London Design Biennale

London Design BiennaleImage courtesy of London Design Biennale

London Design Biennale

The first ever London Design Biennale, in partnership with Jaguar and Somerset House, will open to the public for a three-week take-over tomorrow. Installations, artworks, prototypes and designs from 37 countries and territories have come together in an entertaining and inspiring exploration of the role of design in our collective futures. Visitors will interact with brand new work by world-leading architects, designers, scientists, writers and artists in a broad, vibrant exhibition that includes large-scale kinetic sculpture, immersive digital installations, culinary pop-ups, performances and VR renderings of the future. Each exhibit is a response to the Biennale’s 2016 theme ‘Utopia by Design’, chosen as part of Somerset House’s UTOPIA 2016: A Year of Imagination and Possibility, to mark the 500th anniversary of the publication of Thomas More’s text. The resulting commissions are richly varied, including fantastical imaginings of future cities, homages to unrealised utopian proposals of the past, and innovative solutions for issues in 21st-century life.

 

London Design BiennaleImage courtesy of London Design Biennale

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Visitors will be able to grab a pomegranate juice, falafel or a wet shave in Annabel Karim Kassar’s meticulous recreation of a bustling Beirut street on the Thames riverfront (Lebanon); influence mischer’traxler’s precarious light sculpture as it moves, dims and brightens in reaction to its spectators (Austria); eat the conceptual food of Chung-Ho Tsai in Rain Wu’s tranquil forest-like setting (Taiwan); relax in the mouths of ferocious beasts courtesy of Porky Hefer (South Africa) or wander around the Santander of 2100 in a virtual reality realisation of the smart city’s future (Spain). Jaguar’s bespoke installation reflects its rich history of innovation, and explores how technology has liberated mobility. Underlying much of the Biennale are a number of pressing, universal issues that designers around the world are seeking to address, among them sustainability, migration and conflict, pollution, technological innovation, water scarcity and social equality: Mexican architect Fernando Romero explores the ‘transnational’ border city as a solution for migration and increasing populations; Israel presents an innovative proposal for how first aid might be distributed in disaster zones; a trio of Nigerian designers look at how environmental balance might be restored to the Niger Delta and Australian Brodie Neill draws attention to – and finds beauty in – ocean-based plastic waste.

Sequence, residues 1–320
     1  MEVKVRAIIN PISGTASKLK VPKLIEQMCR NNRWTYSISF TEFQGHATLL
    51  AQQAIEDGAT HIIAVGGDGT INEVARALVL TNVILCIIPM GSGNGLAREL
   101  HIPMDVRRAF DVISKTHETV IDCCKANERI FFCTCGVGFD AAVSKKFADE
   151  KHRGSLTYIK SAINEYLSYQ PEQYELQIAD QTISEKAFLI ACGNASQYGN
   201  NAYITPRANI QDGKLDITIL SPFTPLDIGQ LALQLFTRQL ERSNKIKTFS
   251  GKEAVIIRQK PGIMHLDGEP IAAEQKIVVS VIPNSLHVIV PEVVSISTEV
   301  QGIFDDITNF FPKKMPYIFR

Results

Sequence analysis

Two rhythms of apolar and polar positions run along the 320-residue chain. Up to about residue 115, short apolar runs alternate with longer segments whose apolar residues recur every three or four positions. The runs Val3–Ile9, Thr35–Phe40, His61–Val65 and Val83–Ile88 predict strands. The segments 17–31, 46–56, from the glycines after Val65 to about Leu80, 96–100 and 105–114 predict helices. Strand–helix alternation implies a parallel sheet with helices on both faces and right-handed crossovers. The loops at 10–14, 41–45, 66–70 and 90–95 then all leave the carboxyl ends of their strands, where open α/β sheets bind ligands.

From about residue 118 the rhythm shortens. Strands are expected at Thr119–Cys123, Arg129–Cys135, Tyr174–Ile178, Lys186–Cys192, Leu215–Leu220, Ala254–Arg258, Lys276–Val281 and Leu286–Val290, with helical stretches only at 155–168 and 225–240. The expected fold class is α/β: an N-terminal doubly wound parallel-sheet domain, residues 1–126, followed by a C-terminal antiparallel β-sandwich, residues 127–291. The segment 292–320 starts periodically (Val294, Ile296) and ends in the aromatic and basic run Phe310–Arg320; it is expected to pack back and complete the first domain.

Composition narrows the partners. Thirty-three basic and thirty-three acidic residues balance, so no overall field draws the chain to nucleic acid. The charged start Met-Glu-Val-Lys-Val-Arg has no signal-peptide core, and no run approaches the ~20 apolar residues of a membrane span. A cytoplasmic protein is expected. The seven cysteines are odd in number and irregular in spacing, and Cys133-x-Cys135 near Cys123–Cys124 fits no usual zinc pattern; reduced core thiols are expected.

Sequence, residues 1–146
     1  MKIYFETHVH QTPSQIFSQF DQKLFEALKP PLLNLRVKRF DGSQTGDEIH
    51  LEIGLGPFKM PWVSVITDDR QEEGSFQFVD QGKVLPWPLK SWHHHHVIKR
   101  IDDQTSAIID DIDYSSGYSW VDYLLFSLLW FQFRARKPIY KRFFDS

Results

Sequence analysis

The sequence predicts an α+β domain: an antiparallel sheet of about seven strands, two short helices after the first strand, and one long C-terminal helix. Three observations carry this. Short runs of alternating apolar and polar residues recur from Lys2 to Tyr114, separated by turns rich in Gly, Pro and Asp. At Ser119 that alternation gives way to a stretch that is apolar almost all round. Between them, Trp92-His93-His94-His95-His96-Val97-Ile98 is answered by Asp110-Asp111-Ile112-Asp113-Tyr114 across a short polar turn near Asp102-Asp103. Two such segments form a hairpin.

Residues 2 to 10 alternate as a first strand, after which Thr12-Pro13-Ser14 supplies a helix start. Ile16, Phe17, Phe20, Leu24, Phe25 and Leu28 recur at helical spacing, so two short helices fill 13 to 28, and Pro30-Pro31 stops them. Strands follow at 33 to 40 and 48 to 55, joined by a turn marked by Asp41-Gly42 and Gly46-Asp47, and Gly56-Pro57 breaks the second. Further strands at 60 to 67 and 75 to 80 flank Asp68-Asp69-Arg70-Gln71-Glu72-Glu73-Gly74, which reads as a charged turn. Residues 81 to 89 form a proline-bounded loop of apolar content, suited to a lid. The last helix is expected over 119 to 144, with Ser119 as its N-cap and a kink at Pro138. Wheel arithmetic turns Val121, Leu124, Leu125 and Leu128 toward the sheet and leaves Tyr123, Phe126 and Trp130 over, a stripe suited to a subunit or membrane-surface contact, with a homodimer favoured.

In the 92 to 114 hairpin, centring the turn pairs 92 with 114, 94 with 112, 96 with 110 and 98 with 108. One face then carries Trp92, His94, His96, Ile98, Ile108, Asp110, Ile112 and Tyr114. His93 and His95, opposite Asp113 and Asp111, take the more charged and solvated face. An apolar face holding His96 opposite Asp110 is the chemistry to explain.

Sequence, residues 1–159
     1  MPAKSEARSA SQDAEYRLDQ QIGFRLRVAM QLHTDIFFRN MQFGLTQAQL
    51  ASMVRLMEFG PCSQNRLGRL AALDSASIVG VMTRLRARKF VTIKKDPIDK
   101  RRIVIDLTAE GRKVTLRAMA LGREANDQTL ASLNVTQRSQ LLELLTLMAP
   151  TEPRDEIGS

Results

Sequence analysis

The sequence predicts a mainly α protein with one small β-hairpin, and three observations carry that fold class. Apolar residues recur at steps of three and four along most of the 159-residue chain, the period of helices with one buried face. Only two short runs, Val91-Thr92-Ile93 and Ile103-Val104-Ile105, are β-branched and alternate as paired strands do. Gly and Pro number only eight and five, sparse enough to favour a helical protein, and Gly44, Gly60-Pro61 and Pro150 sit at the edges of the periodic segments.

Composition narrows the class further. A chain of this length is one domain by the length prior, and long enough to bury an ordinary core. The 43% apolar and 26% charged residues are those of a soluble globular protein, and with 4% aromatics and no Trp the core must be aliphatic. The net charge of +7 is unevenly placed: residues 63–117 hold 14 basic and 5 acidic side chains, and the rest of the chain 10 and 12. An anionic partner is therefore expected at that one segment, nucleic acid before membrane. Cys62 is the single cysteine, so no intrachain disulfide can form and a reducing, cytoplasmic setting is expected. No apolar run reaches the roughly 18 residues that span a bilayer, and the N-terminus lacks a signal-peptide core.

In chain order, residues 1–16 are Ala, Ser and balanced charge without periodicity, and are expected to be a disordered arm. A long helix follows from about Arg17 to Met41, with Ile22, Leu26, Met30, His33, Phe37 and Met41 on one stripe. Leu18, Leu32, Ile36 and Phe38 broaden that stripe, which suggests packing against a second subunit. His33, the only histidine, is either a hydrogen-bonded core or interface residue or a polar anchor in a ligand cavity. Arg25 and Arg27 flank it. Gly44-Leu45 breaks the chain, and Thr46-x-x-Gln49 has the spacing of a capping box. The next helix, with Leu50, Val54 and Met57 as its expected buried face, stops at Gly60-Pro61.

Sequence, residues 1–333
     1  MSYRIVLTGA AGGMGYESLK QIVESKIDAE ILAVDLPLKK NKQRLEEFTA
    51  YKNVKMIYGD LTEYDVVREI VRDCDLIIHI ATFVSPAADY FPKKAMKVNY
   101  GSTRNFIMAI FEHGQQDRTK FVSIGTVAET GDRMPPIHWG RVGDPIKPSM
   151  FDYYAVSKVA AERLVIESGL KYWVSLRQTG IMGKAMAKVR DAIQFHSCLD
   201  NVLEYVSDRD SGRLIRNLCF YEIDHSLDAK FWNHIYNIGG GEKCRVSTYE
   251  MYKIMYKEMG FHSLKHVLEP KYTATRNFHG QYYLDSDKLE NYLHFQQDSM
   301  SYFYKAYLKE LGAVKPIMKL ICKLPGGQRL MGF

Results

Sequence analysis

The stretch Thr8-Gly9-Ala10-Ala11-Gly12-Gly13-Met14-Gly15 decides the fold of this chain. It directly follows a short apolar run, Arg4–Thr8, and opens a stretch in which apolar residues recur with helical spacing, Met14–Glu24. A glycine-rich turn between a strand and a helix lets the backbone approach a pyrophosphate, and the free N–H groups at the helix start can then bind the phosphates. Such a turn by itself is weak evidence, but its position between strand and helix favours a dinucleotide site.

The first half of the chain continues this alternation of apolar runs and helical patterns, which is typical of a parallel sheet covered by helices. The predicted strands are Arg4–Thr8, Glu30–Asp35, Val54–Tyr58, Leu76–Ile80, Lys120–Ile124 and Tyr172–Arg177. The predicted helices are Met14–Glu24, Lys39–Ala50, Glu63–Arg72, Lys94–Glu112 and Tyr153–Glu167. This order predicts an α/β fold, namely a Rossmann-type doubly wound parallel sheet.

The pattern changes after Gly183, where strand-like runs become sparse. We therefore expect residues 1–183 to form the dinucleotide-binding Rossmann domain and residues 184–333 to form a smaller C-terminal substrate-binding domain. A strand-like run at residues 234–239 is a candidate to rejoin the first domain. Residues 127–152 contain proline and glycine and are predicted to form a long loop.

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The UK is represented by London-based design duo Edward Barber and Jay Osgerby. Curated by the Victoria and Albert Museum, their 14-metre kinetic sculpture and exploration of the nation’s relationship with wind energy will occupy the centre of the iconic Edmond J. Safra Fountain Court. Dr Christopher Turner, director of the London Design Biennale said: “When we set our inaugural theme, Utopia by Design, we hoped to engage with some of the most fundamental issues faced by humanity today. How might the critical and optimistic imaginations of designers transform our future world, and how do perspectives differ across the globe? The response has been extraordinary and we are delighted to have such a richly varied array of projects to present. The 37 installations promise to provide an inspiring and energising tour of the world through design, which will entertain our visitors, provoke debate and foster collaboration over our three-week takeover of Somerset House.”

 

London Design Biennale, London
From September 7th 2016 to 8th 2017

 

more. londondesignbiennale.com/

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